The Eternals hit theaters a few weeks ago. This latest film adaptation from Marvel Comics tells the story of a group of otherwordly beings whose job it is to protect and nuture humanity. The big bad are deviants, creatures who are not selective about who and what they kill. After thousands of years, these alien superheroes have blended into the world around them, looking no different than you or I.
When their leader, Ajak (Salma Hayek) is killed by a deviant, Sersi (Gemma Chan) takes her place and does her best to bring the team back together. But when the secret about the true nature of their mission is revealed, it creates conflict between Sersi, Ikarus (Richard Madden), Thena (Angelina Jolie), Kingo (Kumail Nanjiani), and the rest of the Eternals.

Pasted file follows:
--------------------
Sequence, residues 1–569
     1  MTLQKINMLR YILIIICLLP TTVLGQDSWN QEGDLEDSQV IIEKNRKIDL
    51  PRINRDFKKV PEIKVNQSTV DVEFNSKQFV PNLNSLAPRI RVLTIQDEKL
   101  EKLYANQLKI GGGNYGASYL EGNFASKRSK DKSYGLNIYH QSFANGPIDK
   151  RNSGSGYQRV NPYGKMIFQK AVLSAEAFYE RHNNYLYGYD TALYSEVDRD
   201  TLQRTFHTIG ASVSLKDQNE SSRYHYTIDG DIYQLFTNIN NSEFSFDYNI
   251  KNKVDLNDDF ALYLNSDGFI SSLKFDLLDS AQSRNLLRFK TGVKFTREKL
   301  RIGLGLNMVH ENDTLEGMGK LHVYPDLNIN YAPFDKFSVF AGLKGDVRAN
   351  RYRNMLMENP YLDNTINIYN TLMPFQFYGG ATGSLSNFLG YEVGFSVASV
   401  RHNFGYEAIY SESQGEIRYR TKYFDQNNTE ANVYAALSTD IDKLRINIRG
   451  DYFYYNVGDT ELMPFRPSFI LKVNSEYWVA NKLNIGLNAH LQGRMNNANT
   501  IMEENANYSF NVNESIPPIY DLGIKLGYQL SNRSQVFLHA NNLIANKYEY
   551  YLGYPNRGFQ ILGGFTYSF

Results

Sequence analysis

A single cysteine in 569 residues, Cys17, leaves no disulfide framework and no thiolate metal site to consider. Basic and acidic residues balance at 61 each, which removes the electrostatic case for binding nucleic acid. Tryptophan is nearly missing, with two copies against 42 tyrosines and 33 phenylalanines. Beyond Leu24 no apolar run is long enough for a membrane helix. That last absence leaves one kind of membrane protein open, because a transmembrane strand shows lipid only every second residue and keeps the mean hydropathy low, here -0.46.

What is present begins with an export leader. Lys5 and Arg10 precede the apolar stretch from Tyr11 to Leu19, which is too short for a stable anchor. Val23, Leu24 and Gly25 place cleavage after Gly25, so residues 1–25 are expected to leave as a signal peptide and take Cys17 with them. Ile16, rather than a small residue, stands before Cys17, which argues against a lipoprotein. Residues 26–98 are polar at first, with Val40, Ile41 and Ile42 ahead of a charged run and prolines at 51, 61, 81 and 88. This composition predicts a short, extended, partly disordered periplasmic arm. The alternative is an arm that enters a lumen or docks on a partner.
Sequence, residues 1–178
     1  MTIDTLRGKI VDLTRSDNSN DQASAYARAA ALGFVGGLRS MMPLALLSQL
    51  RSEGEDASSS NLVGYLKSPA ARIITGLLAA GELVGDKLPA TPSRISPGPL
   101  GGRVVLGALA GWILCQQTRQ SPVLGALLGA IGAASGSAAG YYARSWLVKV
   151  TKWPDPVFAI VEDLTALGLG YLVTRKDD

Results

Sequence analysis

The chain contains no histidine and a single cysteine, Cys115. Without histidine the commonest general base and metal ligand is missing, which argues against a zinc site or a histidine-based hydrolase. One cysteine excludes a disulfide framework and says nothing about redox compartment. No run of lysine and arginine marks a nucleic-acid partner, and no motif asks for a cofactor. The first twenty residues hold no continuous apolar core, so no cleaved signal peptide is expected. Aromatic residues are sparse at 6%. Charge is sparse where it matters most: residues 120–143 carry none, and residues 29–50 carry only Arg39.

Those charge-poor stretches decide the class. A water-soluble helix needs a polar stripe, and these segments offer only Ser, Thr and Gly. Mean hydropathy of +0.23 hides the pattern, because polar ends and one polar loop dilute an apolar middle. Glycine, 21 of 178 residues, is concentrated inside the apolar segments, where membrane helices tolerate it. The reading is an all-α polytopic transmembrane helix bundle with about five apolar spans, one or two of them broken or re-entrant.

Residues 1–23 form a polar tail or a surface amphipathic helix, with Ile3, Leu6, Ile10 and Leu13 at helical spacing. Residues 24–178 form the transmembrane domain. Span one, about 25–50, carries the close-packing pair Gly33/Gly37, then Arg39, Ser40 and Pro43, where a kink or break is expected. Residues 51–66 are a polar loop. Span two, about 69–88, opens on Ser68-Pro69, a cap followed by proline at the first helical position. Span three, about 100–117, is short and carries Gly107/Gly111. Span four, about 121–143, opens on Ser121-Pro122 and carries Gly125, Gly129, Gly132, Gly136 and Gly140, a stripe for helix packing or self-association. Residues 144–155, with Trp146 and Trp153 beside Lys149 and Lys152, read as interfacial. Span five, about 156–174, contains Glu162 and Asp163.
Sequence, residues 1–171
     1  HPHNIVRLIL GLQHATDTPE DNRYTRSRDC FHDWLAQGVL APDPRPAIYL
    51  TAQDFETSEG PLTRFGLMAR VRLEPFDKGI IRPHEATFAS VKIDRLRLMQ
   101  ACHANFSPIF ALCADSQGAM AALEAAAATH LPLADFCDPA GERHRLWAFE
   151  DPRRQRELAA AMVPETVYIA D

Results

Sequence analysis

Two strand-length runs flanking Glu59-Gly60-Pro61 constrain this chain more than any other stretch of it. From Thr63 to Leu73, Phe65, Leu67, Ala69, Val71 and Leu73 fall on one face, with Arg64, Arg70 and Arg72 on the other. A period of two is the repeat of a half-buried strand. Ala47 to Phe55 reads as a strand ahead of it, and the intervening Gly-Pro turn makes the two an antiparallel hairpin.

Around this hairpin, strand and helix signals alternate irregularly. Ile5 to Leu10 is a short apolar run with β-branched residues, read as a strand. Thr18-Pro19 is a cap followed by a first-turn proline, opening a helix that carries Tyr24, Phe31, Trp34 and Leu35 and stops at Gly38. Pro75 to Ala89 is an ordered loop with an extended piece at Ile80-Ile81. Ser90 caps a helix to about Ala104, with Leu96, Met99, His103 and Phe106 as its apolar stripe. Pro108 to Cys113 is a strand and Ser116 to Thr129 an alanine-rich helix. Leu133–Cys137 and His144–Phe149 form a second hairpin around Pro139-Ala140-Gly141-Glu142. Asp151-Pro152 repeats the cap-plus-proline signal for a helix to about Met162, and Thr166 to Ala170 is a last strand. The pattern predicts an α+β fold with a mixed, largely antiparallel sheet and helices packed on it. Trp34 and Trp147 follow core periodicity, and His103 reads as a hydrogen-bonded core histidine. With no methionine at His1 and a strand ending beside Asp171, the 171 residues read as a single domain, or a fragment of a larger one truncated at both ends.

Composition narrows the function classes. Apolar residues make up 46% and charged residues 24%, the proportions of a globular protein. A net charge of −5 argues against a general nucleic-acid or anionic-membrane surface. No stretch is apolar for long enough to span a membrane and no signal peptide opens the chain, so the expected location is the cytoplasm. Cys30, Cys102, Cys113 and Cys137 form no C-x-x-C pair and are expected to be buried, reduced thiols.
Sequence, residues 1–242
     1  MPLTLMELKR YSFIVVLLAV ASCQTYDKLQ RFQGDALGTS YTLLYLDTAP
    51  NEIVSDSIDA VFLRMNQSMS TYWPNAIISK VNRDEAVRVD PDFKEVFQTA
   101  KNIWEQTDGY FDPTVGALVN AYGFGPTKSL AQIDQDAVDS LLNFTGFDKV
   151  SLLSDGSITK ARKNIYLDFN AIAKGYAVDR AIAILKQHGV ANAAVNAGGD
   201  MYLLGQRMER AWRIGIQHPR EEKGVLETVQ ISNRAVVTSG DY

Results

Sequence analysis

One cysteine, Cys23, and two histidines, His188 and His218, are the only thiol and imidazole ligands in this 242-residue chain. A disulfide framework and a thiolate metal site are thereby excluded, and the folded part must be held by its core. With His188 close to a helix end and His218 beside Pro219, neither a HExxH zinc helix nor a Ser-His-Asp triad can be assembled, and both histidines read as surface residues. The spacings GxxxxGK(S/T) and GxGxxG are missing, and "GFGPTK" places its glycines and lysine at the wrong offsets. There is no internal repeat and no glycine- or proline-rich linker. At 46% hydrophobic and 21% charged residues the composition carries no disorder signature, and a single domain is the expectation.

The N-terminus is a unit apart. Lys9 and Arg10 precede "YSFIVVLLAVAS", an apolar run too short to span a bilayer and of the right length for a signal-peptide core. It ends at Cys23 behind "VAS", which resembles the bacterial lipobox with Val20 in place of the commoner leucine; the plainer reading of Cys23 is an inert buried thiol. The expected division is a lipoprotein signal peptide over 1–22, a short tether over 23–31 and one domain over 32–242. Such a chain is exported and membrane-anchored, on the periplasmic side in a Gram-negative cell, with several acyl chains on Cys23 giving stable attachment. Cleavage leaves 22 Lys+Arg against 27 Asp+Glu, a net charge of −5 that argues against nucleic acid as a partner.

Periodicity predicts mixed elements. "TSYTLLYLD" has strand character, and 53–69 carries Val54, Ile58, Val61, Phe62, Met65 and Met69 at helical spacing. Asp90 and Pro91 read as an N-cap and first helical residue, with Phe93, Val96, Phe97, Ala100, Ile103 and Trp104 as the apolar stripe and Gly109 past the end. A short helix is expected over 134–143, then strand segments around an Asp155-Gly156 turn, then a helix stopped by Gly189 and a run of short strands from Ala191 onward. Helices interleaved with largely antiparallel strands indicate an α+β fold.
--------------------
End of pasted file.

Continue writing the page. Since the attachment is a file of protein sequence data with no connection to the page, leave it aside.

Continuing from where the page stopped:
The film clocks in about 2 1/2 hours. Thankfully, it does not feel that long. What I think makes it well done is that the narrative is not just about physical entaglments between the antagonists and the protaganists. There is heart, there is humor, and the message about what it is to be human is threaded throughout the story.
Much has been naturally made about the diversity of the cast. Personally, I think it’s a long time coming. Though I loved Avengers: Endgame, the reality is that the majority of the lead characters are white and male. One could argue that the one scene that all of the female superheroes come together is merely lip service instead of naturally giving these women the spotlight beyond the traditional female narratives.
Including an LGBTQ character, Phastos (Brian Tyree Henry), and a deaf character, Makkari (Lauren Ridloff), was a nice addition. It proved that this world can be open to a wider range of types of people, if only given the chance.
It has been said that when we enjoy our jobs, it does not feel like work. But that does not mean that we cannot get cocky.